Futile advice and no seeds: the agricultural fair inaugurated here on Friday only disappointed the farmers.
Mantar Singh Brar, chief parliamentary secretary for panchayats and rural development, inaugurated the fair on the premises of the district agriculture department, and Raminder Singh, commissioner of Faridkot division, was special guest. The farmer participation was huge. Expecting to find new subsidised seeds of wheat, barseem (fodder crop), grams and mustard at the event, they had to return empty handed.
"I had come looking for improved seeds for the new-season crop such as wheat, vegetables, and fodder but the department had nothing to offer," said Harjinder Singh, a farmer from Niamiwala village. "The advice from university experts is impractical, for the conditions are different in the field. Experts tell you to divide an acre of farm into eight parts to save water but how is it possible."
'Late varieties' has new meaning
Farmers said they never received the seeds for main crop in time. Most of the farmers looking for improved seeds have to make arrangements before harvesting paddy. There is always uncertainty over quality, even if the delivery is in time. Last year, the stock of subsidised seeds had reached farmers late, by which time, most of them had bought seeds from private producers.
Not happy with Happy Seeder
Experts also forbid burn paddy straw but don't give farmers a viable alternative. Happy seeder, a machine that can sow wheat directly after paddy is cut, is neither available easily nor much popular. The increase of Rs. 5 a litre in the price of diesel will also compel farmers to burn paddy straw instead of burning fuel to run a farm machine.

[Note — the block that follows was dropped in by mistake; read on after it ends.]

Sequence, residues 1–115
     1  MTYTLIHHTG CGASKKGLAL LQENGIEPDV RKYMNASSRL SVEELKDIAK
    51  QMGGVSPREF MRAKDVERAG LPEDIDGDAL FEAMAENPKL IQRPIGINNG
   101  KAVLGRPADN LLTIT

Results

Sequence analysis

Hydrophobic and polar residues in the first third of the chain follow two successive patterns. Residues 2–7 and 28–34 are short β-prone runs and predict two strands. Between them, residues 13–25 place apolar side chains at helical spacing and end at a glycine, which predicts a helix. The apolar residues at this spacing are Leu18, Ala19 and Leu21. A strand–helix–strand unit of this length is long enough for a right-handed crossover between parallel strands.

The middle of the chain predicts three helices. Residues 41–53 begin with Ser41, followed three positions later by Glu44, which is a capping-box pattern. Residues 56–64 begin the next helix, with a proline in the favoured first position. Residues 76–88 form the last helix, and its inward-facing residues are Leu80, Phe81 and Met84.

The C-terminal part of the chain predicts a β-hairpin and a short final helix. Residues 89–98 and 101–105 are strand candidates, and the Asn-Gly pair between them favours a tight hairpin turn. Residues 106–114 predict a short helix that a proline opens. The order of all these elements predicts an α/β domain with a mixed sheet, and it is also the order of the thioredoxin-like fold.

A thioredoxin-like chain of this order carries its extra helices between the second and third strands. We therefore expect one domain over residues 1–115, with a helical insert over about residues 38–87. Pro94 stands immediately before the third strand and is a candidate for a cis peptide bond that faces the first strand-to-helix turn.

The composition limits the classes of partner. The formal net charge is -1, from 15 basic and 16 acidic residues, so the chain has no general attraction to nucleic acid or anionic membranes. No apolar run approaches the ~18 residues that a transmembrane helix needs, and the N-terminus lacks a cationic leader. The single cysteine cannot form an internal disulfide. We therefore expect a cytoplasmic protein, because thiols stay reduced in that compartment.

Not practicing what they preach
"At the last Kisan Mela (agricultural fair), I had asked the experts of Punjab Agricultural University (PAU) to practice what they preach," said Deputy Singh of Nathewala, farm manager of a trust. "The university preaches the directing sowing of rice and wheat with the help of happy seeder and not burn the residue, but on its 1,200-acres Raja Harinder Singh seed farm at Bir Sikhan Wala village, it doesn't implement these methods."
The much-talked-about crop diversification also has few takers, as the government has failed to give farmers alternative. The paddy-wheat crop cycle is popular because of assured purchase for minimum support price (MSP). At Kisan Melas, the equipment and seeds promoted are seldom available and often too costly. Most of the visiting farmers have money to buy only booklets and a small amount of seeds.
"I want the state agriculture department to provide us with subsidised seeds so that we can deliver these to farmers," said chief agricultural officer Kaur Singh Dhillon. "We have given them enough advice, demonstrations and literature. We are doing our best."